It’s all a matter of measurements. 20 feet by 8 feet by 8 ½ feet, an overall volume of 1,360 square feet– these are the measurements that changed ports around the world. After the war in Korea, when the American army started experimenting with the first metal shipping containers, we were only a short step away from an outright revolution in transportation and global commerce. In 1956 Malcolm McLean, a small businessman from Maxton, North Carolina, was the first to understand the practical value in commercial terms of transporting loads directly along with their container: a stroke of intuition that was to gain him the nickname of "the father of containerization". But it was not until October 1970, when after two years of elaborations the standard dimensions were finally defined by the International Organization for Standardization (ISO). The containers themselves took on the name of this organization: ISO shipping containers, and from that moment on, ships, trains, lorries and stations, ports and freight stations, across the world were adapted to suit this system and this system alone.
The revolution was in some ways unexpected. In the 50s, when an economist from Harvard University, Benjamin Chinitz, predicted that the use of shipping containers would have facilitated New York in terms of the possibility of transporting goods produced at lower costs to the southern States, he did not take into account that the same technology would have also made it much cheaper to import products from abroad . With the spread of the shipping container and the relative fall in shipping costs, the economy for the first time ever became genuinely global. The gradual liberalization of the markets made it possible to import goods from any part of the planet and so produce goods in countries where labour costs were notably lower.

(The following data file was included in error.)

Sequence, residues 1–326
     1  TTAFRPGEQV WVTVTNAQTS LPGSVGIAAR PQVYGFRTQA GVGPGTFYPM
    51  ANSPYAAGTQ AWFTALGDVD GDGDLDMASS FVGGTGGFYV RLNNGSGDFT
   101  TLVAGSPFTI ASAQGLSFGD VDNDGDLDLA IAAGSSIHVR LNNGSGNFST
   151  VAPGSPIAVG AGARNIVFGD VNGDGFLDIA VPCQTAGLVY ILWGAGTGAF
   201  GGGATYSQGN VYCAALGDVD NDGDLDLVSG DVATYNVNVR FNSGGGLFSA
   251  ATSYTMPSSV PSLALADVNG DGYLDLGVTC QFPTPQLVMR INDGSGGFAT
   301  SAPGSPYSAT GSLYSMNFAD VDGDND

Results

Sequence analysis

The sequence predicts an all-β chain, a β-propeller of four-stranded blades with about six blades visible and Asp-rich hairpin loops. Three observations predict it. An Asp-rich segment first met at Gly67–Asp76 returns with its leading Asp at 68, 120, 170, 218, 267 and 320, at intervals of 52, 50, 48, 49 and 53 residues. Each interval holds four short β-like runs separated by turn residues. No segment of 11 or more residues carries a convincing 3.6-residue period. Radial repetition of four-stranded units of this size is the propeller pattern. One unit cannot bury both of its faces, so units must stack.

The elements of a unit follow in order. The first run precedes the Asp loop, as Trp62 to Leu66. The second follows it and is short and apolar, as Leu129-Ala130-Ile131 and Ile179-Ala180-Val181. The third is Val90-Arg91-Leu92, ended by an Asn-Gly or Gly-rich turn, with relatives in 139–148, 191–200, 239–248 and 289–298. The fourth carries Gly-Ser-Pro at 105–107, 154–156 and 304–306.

Today, crossing the port of Rotterdam is almost a mystic experience. More than 40 km of Transtainers, Gantry, Grappler Lift, Reach Stackers and other devices for loading and unloading ships are permanently in motion, seemingly without anyone there to control them. Hills of coal dust, mountains of coloured shipping containers, whole landscapes of crude oil silos, linked together by thousands of kilometres of pipes, cables, bridges, lights, form the framework of the biggest port in Europe, one of the biggest in the world. An image quite different from that which it was supposed to be during its post-war reconstruction years, when tens of thousands of people were tirelessly at work loading and unloading goods, but also occupying the new neighbourhoods nearby, hastily built to meet the constant demands for labour.
In the years of the great migration from the countryside to the city, the port of Rotterdam was the real heart of the city. Unlike Amsterdam, historically richer and more concerned with stocking goods and waiting for their trade value to rise, Rotterdam was the city of large-scale distribution, the port of Europe, a city of transport management and production, with the biggest shipyards and home to the first great refineries, those of the Royal Dutch Shell, and then the others: Mobil, BP and Texaco. The port was a frenetic hustle and bustle of boats, people and goods; the tales of delicious tropical fruits taken from the boxes opened on the quayside, the constant changing of the skyline with the movements of the transatlantic ships and the charm of the prostitutes of the Chinese quarter, are now nothing more than distant memories of nostalgic old dockers. A past almost impossible to imagine in the clinically engineered processes of the modern port: the image from The Port Front, the class struggles, or the most fascinating and fanciful imagery à la ‘Querelle de Brest’ have little by little given way to the industrialization of the transport system and the crisis of large-scale industry.